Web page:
Ana Carolina Ewbank, Carlos Sacristán, Samira Costa-Silva, Marzia Antonelli, Janaina R. Lorenço, Cristiane K. M. Kolesnikovas, José Luiz Catão-Dias, Fernando Esperón Fajardo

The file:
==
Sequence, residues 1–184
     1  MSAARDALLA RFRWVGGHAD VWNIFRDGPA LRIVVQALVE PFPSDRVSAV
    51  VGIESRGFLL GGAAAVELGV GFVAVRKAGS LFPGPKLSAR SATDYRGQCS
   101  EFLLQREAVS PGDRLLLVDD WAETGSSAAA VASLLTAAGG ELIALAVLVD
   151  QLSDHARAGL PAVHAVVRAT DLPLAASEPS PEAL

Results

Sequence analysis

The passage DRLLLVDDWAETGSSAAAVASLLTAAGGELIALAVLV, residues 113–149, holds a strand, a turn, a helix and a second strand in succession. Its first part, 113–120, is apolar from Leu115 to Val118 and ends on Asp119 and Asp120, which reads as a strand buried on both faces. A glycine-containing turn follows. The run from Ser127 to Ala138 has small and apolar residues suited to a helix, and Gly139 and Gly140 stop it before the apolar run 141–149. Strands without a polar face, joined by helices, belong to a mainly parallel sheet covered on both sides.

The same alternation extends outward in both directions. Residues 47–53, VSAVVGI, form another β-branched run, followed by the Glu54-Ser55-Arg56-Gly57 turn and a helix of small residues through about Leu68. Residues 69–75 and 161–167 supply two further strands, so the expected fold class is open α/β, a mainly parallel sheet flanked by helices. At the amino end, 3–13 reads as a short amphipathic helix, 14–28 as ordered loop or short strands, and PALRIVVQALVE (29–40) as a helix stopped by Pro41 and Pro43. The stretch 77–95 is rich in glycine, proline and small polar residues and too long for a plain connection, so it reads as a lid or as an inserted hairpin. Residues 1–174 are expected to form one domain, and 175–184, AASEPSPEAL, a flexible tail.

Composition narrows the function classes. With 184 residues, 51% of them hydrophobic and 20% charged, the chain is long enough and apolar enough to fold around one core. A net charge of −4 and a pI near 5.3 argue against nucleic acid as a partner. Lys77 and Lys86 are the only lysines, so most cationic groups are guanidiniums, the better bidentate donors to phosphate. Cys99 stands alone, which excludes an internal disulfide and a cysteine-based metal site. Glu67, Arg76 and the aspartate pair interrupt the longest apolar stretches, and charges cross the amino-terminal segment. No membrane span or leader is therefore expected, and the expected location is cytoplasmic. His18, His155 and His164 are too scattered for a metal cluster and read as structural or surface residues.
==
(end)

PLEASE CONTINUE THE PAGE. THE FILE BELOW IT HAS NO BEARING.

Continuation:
Antibiotic resistance genes (ARGs) are considered environmental contaminants and anthropization indicators. We evaluated the degree of human interference in the marine ecosystem through the presence, identification and quantification of selected plasmid-mediated ARGs: with expected detection frequency (tet, aadA, str, sul, cat, erm); livestock and/or human health care use (qnrB, qnrS and blaTEM); and Public Health impact (mcr-1 and mecA), present in the gastrointestinal microbiome (enema samples) of wild seabirds upon admission in a rehabilitation center, Brazil. We evaluated 34 birds, divided into three groups according with the species: Larus dominicanus (Group A/n=14), Spheniscus magellanicus (Group B/n=11), and Other species (Thalassarche chlororhynchus, Macronectes giganteus, Sula leucogaster, Sula sula, Phalacrocorax brasilianus, and Sterna hirundinacea; Group C/n=9). All ARGs were detected and quantified by real-time PCRs. Group A presented a higher percentage of positives (?50%) for tetQ, sulII and blaTEM, Group B for tetQ, and Group C for qnrB. Among all genes, blaTEM presented the highest gene load percentage (mean values) in all groups. mecA, a gene of Public Health concern was detected in Group A. Multiresistant microbiomes (resistance to 3 or more antimicrobial classes) were observed in all groups: A (n=6), B (n=5) and C (n=3). Herein we report the detection of a high load and diversity of ARGs, including the first description of the mecA gene in seabirds in South America, commonly associated with Methicillin-resistant Staphylococcus aureus (MRSA), a relevant cause of nosocomial infections worldwide. Ongoing studies will assess if there are significant differences between biological and behavioral parameters (i.e., feeding behavior and migration).